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Mikemx

RAF Q type seatbelts

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I've got myself a set (Eduard etch) of these and was wondering which aircraft they were used on? There are several different types and I would guess they would be used on various late war RAF fighters but I thought I best check before I use any.

thanks

Mike

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Unfortunately, the "Q" part is a bit of a red herring; without going into the complications, if your set has the circular parachute-type box, on one lap-strap, into which three other straps clip, directly, for WWII the only a/c using it, that I've found, were the Tempest and lowback Spitfires, with the fuselage fuel tank behind the cockpit (XVIs & some XIVs.) All others used the Sutton, until war's end, around 1946.

Edgar

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Hi

Here is the link to the product in question at Hannants. It should let you view the instructions so you can see the 4 different types of seatbelt. The first 3 are the normal colour but type 4 is painted blue. Would that help identify which planes used which belts?

thanks

Mike

http://www.hannants.co.uk/product/ED73006

thanks

Mike

Edited by Mikemx

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Documents I've gone over in Blackburn's archive specifically state that both Corsair IV and Hellcat I and II aircraft were fitted with what the papers term "Q type seat belts" when they underwent modifications at Blackburn's facility on Long Island before delivery to FAA units. I think this may justify adding these types to Edgar's list.

Maurice

I've got myself a set (Eduard etch) of these and was wondering which aircraft they were used on? There are several different types and I would guess they would be used on various late war RAF fighters but I thought I best check before I use any.

thanks

Mike

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There are 4 different seat belt types in the set and I wouldn't know which is the Q type. The only thing I recognise is that the first type of seatbelt looks like the Sutton harness from a Spitfire. I'm hoping someone can follow the link and look on the instructions and let me know which planes used which type of seatbelt.

thanks

Mike

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There was not a single "Q type"; there were several, and it might prove difficult to find out what, and how many, there were. The Spitfire, alone, had three, QK, QL, & QS, of which the first (just to confuse matters) was still a Sutton. I fear that the instructions, in that link, are incomplete, since there's no sign of the blue belts, which, very definitely, were post-war only; it's possible that blue was used to ensure that the pilot hit its release box, and not the essentially similar type on his parachute, which normally had white or khaki straps.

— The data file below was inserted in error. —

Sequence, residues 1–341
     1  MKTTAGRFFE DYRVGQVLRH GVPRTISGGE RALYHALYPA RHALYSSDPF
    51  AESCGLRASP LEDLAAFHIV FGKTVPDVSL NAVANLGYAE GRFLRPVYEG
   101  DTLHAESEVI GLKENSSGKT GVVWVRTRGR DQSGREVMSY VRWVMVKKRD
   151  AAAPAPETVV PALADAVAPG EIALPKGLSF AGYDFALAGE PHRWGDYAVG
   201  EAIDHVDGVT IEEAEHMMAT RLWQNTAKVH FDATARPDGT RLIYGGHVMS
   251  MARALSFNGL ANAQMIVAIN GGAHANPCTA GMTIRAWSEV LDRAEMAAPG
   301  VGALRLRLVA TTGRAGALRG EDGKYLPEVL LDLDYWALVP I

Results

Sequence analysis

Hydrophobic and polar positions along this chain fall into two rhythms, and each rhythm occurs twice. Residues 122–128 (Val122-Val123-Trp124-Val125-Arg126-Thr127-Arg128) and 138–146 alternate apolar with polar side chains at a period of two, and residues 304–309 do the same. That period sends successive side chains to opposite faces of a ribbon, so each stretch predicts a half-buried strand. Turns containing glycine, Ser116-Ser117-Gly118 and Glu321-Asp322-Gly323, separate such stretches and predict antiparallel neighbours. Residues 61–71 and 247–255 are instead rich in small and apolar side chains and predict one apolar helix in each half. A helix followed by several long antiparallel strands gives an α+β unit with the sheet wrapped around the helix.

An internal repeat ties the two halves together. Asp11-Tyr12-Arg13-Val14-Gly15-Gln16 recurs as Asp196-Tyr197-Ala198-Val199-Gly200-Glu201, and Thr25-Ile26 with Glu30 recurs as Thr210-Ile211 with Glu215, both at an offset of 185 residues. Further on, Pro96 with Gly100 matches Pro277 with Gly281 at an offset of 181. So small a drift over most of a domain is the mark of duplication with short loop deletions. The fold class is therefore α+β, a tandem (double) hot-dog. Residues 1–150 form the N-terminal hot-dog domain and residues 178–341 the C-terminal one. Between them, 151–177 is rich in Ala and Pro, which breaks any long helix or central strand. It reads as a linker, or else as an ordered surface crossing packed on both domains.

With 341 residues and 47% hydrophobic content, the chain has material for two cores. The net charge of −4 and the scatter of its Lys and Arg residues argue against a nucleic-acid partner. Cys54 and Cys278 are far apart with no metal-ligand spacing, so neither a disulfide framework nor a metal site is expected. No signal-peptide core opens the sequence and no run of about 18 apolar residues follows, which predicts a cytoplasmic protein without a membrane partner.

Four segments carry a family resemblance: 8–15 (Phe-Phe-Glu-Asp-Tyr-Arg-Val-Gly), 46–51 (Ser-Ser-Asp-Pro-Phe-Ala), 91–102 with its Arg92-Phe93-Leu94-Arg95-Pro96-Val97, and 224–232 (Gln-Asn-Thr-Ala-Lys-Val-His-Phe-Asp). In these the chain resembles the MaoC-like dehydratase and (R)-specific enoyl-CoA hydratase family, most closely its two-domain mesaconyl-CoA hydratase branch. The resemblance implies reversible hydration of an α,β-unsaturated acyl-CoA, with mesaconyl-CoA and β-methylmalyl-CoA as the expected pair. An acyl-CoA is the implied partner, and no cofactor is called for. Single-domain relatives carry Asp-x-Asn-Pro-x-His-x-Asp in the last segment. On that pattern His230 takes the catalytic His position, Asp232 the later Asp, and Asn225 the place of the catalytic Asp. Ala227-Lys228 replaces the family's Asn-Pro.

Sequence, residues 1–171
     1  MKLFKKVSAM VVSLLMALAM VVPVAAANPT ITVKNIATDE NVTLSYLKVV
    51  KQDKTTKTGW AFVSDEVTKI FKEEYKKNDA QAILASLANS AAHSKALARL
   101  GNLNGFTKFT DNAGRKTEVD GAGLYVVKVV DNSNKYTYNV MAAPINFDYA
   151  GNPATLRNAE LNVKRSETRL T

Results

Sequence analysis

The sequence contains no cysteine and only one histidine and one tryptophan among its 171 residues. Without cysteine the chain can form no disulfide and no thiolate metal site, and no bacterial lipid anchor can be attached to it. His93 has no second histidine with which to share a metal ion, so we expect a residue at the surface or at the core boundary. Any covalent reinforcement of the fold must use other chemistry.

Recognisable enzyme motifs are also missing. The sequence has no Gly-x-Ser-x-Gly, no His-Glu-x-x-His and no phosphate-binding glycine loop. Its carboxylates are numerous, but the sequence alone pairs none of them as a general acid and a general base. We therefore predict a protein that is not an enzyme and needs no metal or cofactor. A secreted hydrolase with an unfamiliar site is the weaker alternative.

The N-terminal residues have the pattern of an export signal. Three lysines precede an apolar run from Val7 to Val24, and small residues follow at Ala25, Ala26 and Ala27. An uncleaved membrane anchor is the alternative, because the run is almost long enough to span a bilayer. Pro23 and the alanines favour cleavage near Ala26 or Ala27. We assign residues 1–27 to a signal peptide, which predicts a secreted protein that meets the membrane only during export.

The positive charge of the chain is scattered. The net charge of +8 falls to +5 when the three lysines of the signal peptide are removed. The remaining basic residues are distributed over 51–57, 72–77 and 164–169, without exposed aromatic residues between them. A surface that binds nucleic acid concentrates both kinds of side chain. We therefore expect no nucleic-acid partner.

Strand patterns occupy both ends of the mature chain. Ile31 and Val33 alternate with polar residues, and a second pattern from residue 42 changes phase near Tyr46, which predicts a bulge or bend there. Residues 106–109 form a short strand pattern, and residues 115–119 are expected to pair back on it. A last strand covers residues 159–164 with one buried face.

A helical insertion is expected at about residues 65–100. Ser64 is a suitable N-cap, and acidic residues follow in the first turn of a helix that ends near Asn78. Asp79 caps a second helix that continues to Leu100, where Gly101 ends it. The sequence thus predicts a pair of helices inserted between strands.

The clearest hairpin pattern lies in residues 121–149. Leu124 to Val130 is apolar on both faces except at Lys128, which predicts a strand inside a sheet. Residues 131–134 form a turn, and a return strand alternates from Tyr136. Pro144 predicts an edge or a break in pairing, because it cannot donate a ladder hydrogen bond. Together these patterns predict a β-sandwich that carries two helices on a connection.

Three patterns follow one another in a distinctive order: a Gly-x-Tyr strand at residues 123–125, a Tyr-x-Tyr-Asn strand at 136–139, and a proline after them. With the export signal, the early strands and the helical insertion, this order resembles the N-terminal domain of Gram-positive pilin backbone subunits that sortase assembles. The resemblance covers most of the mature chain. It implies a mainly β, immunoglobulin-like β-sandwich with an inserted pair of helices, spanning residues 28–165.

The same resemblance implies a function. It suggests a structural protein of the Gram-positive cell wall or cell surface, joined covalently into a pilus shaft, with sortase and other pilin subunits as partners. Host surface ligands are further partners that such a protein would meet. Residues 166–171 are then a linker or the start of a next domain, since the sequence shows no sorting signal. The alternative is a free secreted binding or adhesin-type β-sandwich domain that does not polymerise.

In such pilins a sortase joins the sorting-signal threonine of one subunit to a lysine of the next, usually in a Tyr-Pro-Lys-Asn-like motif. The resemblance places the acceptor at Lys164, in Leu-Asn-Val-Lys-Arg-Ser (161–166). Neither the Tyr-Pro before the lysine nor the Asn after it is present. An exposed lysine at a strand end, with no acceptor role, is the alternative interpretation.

Looking at the only sheet that I could download, illustration I matches the post-war Spitfire QS, which came into use in late 1945/6; it would not have seen use during the war, but could be used for the Tempest, provided the shoulder straps go down behind the seat.

Illustration II matches the set-up in the low-back Spitfire XVI & XIV, since it's bolted directly to the head armour, and doesn't go through the bulkhead; it, too, could suit the Tempest.

Illustration III (if there is one,) for the blue straps, looks as though it would be suitable for non-ejection seat aircraft like the early Meteors and Vampires; I'd recommend checking on that flip-style quick-release mechanism, (and that in instruction II) though.

Edgar

P.S. None of those, without a lot of modification, could be used as a Sutton.

Edited by Edgar

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The blue harness will be the "Z type" which was fitted, from the early 1950s, to just about everything from the Chipmunk to the Hunter and is still in production today. The harness was made up of a number of components - lap straps, shoulder straps, QRB (quick release box) - and different suffix letters (from A to L) were assigned depending on the particular make up required. For example the ZF harness used in the Hunter had a QRB with cable release for connection to the the BTRU on the ejection seat and separate shoulder harnesses which individually mated with points on the parachute container of the bang seat. Other shoulder strap variations included those which which were connected to a common plate or D-ring, such as used in the Chipmunk, and others, such as that used on the Canberra, had an additional horizontal webbing strap connecting the two shoulder straps into a H configuration.

Edited by StephenMG

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There are 4 different seat belt types in the set and I wouldn't know which is the Q type. The only thing I recognise is that the first type of seatbelt looks like the Sutton harness from a Spitfire. I'm hoping someone can follow the link and look on the instructions and let me know which planes used which type of seatbelt.

thanks

Mike

Thanks, Mike, for persisting with your query: I've never been able to make sense of the Eduard instruction sheet either. Thanks also to Edgar and StephenMG for their replies: I am now much better informed.

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